The technique, which is also being developed to detect cancers of the esophagus, stomach and pancreas, could be used as a triage tool due to its high negative predictive value.
In a significant stride towards early cancer detection, researchers have developed a non-invasive breath test that accurately detects colorectal cancer (CRC). This innovative approach, based on volatile organic compounds (VOCs), could revolutionize the way we diagnose and manage gastrointestinal cancers.
HCN Medical Memo
Is a potential paradigm shift emerging? The non-invasive nature of the breath test could lead to increased patient compliance and timely diagnosis, particularly for CRC. This could significantly improve survival rates and reduce the burden on healthcare systems.
- The breath test is non-invasive, easy to complete, and universally acceptable to patients.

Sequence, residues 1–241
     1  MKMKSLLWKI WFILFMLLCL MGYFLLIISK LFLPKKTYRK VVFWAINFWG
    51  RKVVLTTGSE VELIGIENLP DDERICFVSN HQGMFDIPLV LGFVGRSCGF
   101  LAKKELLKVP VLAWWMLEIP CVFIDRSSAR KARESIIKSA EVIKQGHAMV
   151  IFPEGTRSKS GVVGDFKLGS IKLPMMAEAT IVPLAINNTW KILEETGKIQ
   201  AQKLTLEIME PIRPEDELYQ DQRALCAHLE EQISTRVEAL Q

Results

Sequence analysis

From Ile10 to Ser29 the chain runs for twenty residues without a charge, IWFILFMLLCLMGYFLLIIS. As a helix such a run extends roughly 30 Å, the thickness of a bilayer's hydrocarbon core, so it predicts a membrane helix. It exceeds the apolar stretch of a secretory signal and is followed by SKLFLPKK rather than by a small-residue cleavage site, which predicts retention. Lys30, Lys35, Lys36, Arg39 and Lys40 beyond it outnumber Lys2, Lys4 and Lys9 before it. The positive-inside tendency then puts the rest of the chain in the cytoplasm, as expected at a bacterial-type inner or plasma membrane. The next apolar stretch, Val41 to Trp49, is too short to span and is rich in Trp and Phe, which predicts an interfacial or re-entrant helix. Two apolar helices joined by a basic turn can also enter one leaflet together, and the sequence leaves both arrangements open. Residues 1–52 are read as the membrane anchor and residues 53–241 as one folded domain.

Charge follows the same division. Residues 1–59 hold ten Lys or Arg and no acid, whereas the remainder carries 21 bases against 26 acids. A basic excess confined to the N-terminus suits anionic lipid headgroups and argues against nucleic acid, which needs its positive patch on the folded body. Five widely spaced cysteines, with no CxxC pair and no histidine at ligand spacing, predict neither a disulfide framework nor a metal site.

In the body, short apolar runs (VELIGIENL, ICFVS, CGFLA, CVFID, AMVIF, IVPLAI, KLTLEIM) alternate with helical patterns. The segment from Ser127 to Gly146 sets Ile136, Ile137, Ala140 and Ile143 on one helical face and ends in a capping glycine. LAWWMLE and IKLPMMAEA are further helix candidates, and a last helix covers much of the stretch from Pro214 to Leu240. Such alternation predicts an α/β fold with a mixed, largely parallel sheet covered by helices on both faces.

- The 5-year survival rate of CRC is 92% when diagnosed early, but drops to 10% if diagnosed at an advanced stage.
- The COBRA1 trial developed a breath test to detect CRC using machine learning to identify VOCs and clinical metadata.
- The diagnostic model predicted CRC with an area under the receiver-operating characteristic (ROC) curve of 0.87, sensitivity of 79%, specificity of 86%, and negative predictive value of 97%.
- Wearable devices designed as face masks have been tested for the detection of hydrogen peroxide, a biomarker for respiratory illnesses.
According to the World Health Organization, colorectal cancer is the third most common cancer worldwide, with nearly 1.8 million new cases in 2018.
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